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Brendon Small on Recreating Studio Overdubs Onstage

August 19, 2013
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WHEN DETHKLOK’S BRENDON SMALL agreed to headline this year’s WesFest by staging the first live performance of his ambitious solo album, Brendon Small’s Galaktikon [brendonsmall.com], he faced a daunting challenge.

“The thing with the Galaktikon stuff is that there are often as many as five or six distinct guitar parts on each song, and we’re not talking just parallel harmonies and octave doubles, which are often fairly intuitive to learn,” says Small. “We’re talking countermelodies and other independent parts.”

WesFest—named in honor of the late bassist Wes Wehmiller—is an annual Hollywood benefit that raises scholarship funds for Small’s alma mater, Berklee College of Music, so he definitely wanted Galaktikon to translate precisely to the concert stage.

“No one ever taps me on the shoulder and says, ‘Hey, stop overdubbing so much because you’re not going to be able to recreate all those parts live,’” he says. “I take inspiration from Queen. Their studio records were very elaborate, yet you forgave them for not having 18 guitars on stage, because they were such a solid band. But in this case, the project really required all the overdubs to be heard. So I thought, ‘You know, we can probably make it sound like the record, but only if we can assign each of these moving parts to a human being.’”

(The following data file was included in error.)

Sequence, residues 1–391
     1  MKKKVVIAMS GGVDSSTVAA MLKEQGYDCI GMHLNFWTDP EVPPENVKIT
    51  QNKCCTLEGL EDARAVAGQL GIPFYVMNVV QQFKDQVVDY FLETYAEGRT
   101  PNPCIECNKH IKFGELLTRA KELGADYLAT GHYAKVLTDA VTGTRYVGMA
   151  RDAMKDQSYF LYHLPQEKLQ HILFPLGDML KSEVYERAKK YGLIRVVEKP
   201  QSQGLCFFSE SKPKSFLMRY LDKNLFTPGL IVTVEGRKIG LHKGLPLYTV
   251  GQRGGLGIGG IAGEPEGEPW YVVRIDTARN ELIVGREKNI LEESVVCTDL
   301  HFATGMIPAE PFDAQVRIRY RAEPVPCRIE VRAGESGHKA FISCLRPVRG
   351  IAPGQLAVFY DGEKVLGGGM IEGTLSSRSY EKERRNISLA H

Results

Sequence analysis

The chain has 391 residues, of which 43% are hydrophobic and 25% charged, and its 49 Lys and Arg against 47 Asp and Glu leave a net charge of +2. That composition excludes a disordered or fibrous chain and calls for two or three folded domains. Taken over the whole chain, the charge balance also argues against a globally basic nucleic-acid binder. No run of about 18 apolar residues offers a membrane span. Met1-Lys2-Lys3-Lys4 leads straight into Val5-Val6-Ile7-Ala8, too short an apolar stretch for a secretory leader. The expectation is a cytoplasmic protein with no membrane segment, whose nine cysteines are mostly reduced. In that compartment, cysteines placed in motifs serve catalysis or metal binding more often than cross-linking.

The result was an 11-piece metal orchestra fronted by five singers and four guitarists, with Small in both camps. Galaktikon’s intricate guitar arrangements were delivered by Small playing his signature Dethklok Gibsons through a Joe Satriani-edition Marshall JVM410 head with the Crunch channel run in “orange” mode; Mike Keneally running a Rivera Knucklehead Tre clean, driven by a Rivera Metal Shaman pedal; Rick Musallam rocking his trusty ’74 Marshall JMP head, enjoying extra gain courtesy of a Todd Langner- style mod and an Xotic EP Booster pedal; and yours truly captaining a Mesa Royal Atlantic head with the lead channel set to “Lo Gain.”

“Single-note lines played in harmony by three or four guitarists is one of the coolest sounds you’re going to hear in life,” says Small. “And if you’re lucky enough to be part of that onstage, the experience is all the more amazing. You have to bust your ass to make something like that happen, but, somehow, with four flat tires and your engine on fire, you manage to cross the finish line. It’s a great feeling, but it also might make you want to go home and just play Albert King songs afterwards. Or maybe Richie Havens had it right—just go out with an acoustic guitar in open-G, and bang away on it until you break all the strings.”

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